Dy­namic vac­cine mar­ket at­tracts more MNC in­vest­ment

BioSpectrum (Asia) - - Bio Contents - Source: BMI Re­search

The out­look for the Asia Pa­cific vac­cine mar­ket is favourable. In­deed, gov­ern­ments con­tinue to in­vest in im­mu­ni­sa­tion pro­grammes as vac­ci­na­tion cam­paigns rep­re­sent a cost-ef­fec­tive tool to im­prove pub­lic health. The ac­tive in­volve­ment of non-gov­ern­men­tal or­gan­i­sa­tions, such as GAVI, fur­ther fa­cil­i­tates ac­cess to vac­cines by mit­i­gat­ing some fi­nan­cial bar­ri­ers through co-fund­ing schemes. How­ever, rising com­pe­ti­tion from do­mes­tic vac­cine pro­duc­ers and a het­ero­ge­neous reg­u­la­tory en­vi­ron­ment that de­mands a coun­try spe­cific ap­proach do pose some chal­lenges to multi­na­tional drug­mak­ers.

The dy­namic Asia Pa­cific (APAC) vac­cine mar­ket holds sig­nif­i­cant com­mer­cial op­por­tu­ni­ties for phar­ma­ceu­ti­cal firms. Based on UN Com­trade data, Ja­pan im­ported the largest value of hu­man vac­cines for do­mes­tic use in 2015, amount­ing to USD36 9mn. This was fol­lowed by In­dia (USD30 3mn), Aus­tralia (USD28 7mn) and South Korea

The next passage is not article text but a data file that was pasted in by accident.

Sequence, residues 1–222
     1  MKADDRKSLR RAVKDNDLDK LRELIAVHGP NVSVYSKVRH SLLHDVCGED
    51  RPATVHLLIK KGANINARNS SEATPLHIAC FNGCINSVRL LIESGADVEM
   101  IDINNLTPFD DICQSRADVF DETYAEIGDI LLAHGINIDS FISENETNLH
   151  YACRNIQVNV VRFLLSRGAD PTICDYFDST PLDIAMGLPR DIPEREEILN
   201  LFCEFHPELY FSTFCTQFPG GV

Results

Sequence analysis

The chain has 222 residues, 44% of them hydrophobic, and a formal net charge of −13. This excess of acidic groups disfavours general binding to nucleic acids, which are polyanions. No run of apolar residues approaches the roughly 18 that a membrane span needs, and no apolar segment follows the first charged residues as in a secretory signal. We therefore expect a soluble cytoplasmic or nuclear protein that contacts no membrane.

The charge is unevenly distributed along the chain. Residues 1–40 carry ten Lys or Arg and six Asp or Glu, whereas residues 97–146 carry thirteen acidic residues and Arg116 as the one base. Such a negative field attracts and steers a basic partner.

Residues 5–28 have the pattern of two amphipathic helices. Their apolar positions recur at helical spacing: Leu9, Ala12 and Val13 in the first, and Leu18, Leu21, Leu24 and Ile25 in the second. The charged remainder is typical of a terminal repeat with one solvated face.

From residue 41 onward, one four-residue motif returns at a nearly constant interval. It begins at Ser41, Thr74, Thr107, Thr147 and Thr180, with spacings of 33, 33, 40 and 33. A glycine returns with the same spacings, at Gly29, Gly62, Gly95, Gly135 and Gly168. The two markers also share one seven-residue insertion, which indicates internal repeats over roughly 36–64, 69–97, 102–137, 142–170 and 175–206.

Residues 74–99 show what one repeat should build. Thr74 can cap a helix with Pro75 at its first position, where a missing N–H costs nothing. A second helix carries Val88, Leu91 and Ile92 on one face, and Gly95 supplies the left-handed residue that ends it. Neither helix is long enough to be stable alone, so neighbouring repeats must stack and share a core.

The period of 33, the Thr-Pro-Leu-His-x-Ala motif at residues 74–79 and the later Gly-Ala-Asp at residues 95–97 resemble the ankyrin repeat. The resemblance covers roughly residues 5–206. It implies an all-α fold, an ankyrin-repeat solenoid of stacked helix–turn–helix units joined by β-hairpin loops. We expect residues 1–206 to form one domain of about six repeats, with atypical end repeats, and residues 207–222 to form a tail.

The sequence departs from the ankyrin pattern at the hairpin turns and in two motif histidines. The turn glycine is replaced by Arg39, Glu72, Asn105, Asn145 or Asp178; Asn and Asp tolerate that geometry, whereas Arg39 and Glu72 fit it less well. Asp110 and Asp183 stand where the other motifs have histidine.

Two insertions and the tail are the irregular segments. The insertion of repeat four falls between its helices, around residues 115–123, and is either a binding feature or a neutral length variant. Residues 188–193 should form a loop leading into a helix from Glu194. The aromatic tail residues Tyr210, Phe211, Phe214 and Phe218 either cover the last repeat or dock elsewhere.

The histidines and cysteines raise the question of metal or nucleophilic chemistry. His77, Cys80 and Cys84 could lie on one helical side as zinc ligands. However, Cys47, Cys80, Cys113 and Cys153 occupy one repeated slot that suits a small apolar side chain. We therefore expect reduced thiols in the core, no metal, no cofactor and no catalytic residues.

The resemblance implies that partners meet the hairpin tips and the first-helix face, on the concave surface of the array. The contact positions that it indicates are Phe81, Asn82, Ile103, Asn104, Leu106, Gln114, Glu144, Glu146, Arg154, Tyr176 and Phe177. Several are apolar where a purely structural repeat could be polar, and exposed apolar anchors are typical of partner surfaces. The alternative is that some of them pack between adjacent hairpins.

(USD26 2mn).

As trade val­ues are re­ported in US dol­lar terms, we note that y-o-y cur­rency fluc­tu­a­tions are an im­por­tant fac­tor shap­ing the value im­ported.

Multi­na­tional drug­mak­ers are highly ac­tive in the APAC re­gion. For ex­am­ple, Glaxo Smith Kline (GSK) op­er­ates a global vac­cines pro­duc­tion fa­cil­ity in Sin­ga­pore and Merck & Co a phar­ma­ceu­ti­cal man­u­fac­tur­ing fa­cil­ity in Hang zhou, China, both of which sup­ply medicines and vac­cines to other coun­tries.

Sup­port for pub­lic health to be key